The large variation in living arrangements across the four major race/ ethnic groups has deep-seated and far-reaching consequences on racial gaps. To begin, family structure is closely related to government dependence—roughly three quarters of welfare assistance goes to single-parent families. Family structure is also associated with educational achievement, the gateway to future economic success. Four times as many individuals who came from intact, married families received a Bachelor’s degree than individuals who came from always-single parent families. Those in single-parent families are more likely to engage in risk behavior, commit criminal acts, drink, and use drugs.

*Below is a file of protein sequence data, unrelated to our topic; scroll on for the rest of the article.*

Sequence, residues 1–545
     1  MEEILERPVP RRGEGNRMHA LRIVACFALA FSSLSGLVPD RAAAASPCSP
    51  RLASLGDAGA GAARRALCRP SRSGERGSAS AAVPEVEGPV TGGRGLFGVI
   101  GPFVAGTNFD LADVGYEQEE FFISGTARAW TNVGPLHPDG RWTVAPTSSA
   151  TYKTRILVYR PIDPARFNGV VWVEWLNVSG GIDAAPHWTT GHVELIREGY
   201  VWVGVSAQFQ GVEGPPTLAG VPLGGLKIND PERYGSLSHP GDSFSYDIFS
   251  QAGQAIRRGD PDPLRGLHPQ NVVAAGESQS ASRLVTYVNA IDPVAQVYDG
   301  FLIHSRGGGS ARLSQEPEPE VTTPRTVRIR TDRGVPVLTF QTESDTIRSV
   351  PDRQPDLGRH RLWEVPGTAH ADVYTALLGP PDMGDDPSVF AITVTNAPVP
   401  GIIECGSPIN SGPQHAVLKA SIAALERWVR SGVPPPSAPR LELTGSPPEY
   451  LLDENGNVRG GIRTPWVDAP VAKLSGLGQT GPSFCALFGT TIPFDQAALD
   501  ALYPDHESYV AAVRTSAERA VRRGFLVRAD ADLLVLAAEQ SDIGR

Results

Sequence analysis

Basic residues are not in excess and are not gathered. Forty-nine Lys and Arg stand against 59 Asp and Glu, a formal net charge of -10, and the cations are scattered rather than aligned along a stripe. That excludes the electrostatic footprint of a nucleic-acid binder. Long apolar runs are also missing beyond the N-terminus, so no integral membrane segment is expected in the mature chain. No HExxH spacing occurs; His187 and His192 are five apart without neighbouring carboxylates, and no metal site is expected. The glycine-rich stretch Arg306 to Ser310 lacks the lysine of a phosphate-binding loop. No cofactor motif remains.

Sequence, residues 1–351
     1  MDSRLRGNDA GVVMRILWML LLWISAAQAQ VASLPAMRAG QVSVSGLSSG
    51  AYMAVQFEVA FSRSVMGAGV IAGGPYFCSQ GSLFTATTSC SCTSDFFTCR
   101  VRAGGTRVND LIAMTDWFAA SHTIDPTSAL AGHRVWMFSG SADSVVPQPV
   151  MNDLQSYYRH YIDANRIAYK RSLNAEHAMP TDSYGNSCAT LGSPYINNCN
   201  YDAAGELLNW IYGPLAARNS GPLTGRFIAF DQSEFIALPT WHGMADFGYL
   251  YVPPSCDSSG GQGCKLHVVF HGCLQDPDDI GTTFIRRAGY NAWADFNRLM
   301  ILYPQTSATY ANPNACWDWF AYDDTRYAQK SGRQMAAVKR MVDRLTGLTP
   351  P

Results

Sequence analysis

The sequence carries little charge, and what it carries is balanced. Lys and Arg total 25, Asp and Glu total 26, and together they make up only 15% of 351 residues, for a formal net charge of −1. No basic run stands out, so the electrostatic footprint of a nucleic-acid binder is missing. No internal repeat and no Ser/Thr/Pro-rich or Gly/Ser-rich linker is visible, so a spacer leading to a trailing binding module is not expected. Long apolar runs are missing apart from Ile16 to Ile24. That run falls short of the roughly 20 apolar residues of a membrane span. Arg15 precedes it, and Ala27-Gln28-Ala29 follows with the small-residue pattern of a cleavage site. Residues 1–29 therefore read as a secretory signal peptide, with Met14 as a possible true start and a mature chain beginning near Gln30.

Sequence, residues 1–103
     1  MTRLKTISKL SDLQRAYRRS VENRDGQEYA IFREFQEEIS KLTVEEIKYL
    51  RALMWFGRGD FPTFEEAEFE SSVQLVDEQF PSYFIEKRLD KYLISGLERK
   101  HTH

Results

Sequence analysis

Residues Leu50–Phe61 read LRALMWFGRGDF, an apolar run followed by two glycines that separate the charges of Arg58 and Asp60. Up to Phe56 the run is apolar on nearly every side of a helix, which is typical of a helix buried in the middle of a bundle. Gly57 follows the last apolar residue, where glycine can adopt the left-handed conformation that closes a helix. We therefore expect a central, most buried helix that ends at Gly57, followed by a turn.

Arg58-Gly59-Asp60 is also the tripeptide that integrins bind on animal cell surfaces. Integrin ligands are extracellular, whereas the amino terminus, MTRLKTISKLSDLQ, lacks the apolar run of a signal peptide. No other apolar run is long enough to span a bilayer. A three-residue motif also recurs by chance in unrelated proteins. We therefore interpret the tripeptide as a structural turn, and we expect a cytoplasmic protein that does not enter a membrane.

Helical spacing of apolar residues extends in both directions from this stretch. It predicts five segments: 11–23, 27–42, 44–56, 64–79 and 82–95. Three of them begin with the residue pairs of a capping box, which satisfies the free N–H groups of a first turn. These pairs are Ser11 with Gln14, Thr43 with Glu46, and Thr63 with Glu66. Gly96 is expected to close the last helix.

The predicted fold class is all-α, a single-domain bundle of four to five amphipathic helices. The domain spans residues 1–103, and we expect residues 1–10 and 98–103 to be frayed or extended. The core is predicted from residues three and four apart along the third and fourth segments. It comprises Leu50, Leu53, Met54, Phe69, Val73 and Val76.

Because there is such a clear-cut difference in the living arrangements of the races, social outcomes are quite easily predictable across these four groups. While Asian families are able to exercise individual agency in flourishing environments, many Black families tend to be at the mercy of the government in dangerous environments. While most Asian parents begin their child’s life by developing and cultivating their talents, many Black parents spend their children’s early years struggling to make ends meet.

There certainly is an unjust inequality among the races, but it is not the inequality of outcome that most media outlets discuss. Rather, it is an inequality of opportunity, even a lost opportunity, for many children to experience the irreplaceable married love of their mother and father.

Abandoning Monogamy, the Certain Road to Inequality